Golden op­por­tu­nity to bring dis­or­der in LegCo to an end

Chow Pak-chin ar­gues that op­po­si­tion camp are now in a much weaker po­si­tion af­ter de­stroy­ing their cred­i­bil­ity

China Daily (Hong Kong) - - COMMENT -

As an avid squash player, I take ev­ery game se­ri­ously. It doesn’t mat­ter if I’m lead­ing by 13-3, I pur­sue vic­tory un­til I’ve suc­cess­fully bagged the game-end­ing points. There is no room for com­pla­cency; why would you want to al­low your op­po­nent even the small­est chance to over­take you?

This men­tal­ity, in my opin­ion, ap­plies as much to pol­i­tics as sport. Re­cently, the anti-es­tab­lish­ment camp’s protest against the co-lo­ca­tion ar­range­ment for the Express Rail Link’s West Kowloon ter­mi­nus had a very small at­ten­dance; a mea­ger 50 or 60 peo­ple turned up at the first protest. Strangely un­daunted, the likes of Fer­nando Che­ung Chiu-hung, Claudia Mo Man-ching, Gary Fan Kwok-wai, as well as dis­qual­i­fied law­mak­ers Le­ung Kwok-hung and Lau Siu-lai, de­cided to stage the protest again on Satur­day dur­ing the same week. If the fear-mon­ger­ing or­ga­niz­ers of the protest har­bored even the slight­est hopes of gar­ner­ing more sup­port on a Satur­day, these were shat­tered; only about 10 peo­ple came. The de­ba­cle was there for ev­ery­one in Hong Kong to see. If this isn’t a clear in­di­ca­tion of de­clin­ing pub­lic sup­port for the anti-es­tab­lish­ment camp, I don’t know what is.

Heart­break­ing for the op­po­si­tion it may be, but the pub­lic’s loss of faith in the anti-es­tab­lish­ment camp is some­thing law­mak­ers should have seen com­ing; they lit­er­ally asked for it, with the gaffes and folly they continued to ex­hibit. Cit­i­zens who voted for Le­ung Chung-hang, Yau Waich­ing, Ed­ward Yiu Chung-yim, Nathan Law Kwun-chung, Le­ung Kwok-hung and Lau Siu-lai did so The au­thor is vice-chair­man of Wis­dom Hong Kong, a lo­cal think tank. out of their faith in the law­mak­ers’ prom­ises to change the po­lit­i­cal land­scape. What these vot­ers did not ex­pect was law­mak­ers greatly dis­re­spect­ing the solem­nity of the oath-tak­ing cer­e­mony. They, there­fore, sin­gle-hand­edly took away their own chance of par­tic­i­pat­ing in fu­ture leg­isla­tive, so­cial and po­lit­i­cal re­forms. Yet in­stead of suf­fer­ing the con­se­quences of this shock­ing lack of deco­rum, these law­mak­ers, upon be­ing dis­qual­i­fied, turned to self­vic­tim­iza­tion. They did this with the­atri­cal histri­on­ics, re­gard­less of facts, and with­out any re­spect for the rule of law. These anti­estab­lish­ment law­mak­ers un­der- es­ti­mated the com­mon sense of the pub­lic; or­di­nary peo­ple have now made their feel­ings clear. With pub­lic sup­port for them fall­ing fast, the anti-es­tab­lish­ment camp has been shaken to the core. This has seen their morale plum­met.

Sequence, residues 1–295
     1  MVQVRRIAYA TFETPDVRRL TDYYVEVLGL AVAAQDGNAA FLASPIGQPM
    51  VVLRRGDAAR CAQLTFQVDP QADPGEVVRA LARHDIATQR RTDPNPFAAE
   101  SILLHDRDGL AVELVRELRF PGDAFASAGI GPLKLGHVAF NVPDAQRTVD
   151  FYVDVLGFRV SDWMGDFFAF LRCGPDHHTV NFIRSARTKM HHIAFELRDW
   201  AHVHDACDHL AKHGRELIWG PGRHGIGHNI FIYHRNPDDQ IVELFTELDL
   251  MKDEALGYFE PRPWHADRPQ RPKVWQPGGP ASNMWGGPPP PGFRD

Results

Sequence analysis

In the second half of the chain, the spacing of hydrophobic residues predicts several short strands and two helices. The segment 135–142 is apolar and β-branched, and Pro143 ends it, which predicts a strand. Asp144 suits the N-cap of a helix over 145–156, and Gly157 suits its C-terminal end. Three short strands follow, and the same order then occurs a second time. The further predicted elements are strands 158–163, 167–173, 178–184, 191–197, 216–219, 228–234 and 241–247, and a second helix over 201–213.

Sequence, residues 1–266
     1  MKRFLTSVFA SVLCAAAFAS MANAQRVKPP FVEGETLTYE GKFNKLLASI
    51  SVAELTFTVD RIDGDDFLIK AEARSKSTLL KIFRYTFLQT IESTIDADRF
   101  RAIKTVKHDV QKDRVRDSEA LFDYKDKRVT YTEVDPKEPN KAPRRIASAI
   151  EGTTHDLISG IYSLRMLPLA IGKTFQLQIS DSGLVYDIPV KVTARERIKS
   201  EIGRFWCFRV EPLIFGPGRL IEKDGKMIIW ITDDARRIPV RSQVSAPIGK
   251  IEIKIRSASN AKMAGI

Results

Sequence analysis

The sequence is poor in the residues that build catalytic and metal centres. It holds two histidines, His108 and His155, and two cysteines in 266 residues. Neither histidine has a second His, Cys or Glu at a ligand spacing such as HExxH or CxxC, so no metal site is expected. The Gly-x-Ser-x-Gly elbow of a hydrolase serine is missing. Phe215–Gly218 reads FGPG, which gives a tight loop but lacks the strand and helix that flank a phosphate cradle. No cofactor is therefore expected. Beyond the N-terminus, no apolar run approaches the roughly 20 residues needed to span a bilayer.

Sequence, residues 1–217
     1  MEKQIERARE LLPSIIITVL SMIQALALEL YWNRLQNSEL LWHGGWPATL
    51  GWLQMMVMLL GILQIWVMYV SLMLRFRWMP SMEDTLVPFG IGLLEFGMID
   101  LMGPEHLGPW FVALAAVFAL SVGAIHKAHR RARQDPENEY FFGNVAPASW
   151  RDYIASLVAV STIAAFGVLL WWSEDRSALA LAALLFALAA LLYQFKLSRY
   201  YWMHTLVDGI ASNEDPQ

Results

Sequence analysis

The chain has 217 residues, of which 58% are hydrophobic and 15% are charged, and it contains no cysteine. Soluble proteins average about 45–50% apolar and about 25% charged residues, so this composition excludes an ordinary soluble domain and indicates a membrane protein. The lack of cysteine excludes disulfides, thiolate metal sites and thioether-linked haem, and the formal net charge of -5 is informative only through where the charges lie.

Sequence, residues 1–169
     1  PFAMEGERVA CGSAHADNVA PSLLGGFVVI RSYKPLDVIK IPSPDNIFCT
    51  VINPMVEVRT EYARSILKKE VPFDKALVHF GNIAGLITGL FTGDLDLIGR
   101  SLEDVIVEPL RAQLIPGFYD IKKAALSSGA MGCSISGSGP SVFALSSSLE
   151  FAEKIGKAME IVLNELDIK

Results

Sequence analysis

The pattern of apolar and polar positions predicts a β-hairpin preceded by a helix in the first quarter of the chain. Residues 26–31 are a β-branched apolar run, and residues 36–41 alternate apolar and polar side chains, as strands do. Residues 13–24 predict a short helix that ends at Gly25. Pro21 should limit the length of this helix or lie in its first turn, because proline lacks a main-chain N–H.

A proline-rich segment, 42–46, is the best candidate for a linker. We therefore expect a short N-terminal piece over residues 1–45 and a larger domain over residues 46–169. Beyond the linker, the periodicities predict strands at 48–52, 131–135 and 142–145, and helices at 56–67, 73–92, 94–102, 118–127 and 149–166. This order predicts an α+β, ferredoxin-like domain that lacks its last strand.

As in many sports, the time when your op­po­nent is feel­ing ap­pre­hen­sive and rat­tled is the time when you can strike. For pro-es­tab­lish­ment law­mak­ers, this is the right time to do things which pre­vi­ously faced con­sid­er­able op­po­si­tion and ob­sta­cles. These in­clude pro­pos­als to amend the Leg­isla­tive Coun­cil’s rules of pro­ce­dures. This would free fu­ture LegCo meet­ings from dis­re­spect­ful be­hav­ior such as fil­i­bus­ter­ing, un­nec­es­sar­ily call­ing the quo­rum bell and mak­ing ad­journ­ment mo­tions. In 2013-14 and 2014-15 alone, HK$45.6 mil­lion of tax­pay­ers’ money has been wasted on the anti-es­tab­lish­ment law­mak­ers’ “non-co­op­er­a­tion cam­paign”. This in­cludes 49.7 hours on the re­quest of quo­rum calls in 2013-14 and 56 hours in 2014-15. In­ci­den­tally, 96 hours were spent on the con­tentious Copy­right (Amend­ment) Bill 2014; some 38 hours were wasted on quo­rum calls alone. It is time LegCo meet­ings were lib­er­ated from in­di­vid­u­als who de­lay and op­pose for the sake of it — in­di­vid­u­als who claim to rep­re­sent the peo­ple but are re­ally just pour­ing tax­pay­ers’ money down the drain. Only then can or­der be re­stored in LegCo; then is­sues con­cern­ing Hong Kong peo­ple’s liveli­hoods and wel­fare can be dealt with. Poli­cies and leg­is­la­tion can be passed and en­acted to cre­ate a bet­ter Hong Kong for ev­ery­one. For this to hap­pen, the pro-es­tab­lish­ment camp will have to make the right ad­vances at the right time. This time is now.

Heart­break­ing for the op­po­si­tion it may be, but the pub­lic’s loss of faith in the anti-es­tab­lish­ment camp is some­thing law­mak­ers should have seen com­ing; they lit­er­ally asked for it, with the gaffes and folly they continued to ex­hibit.

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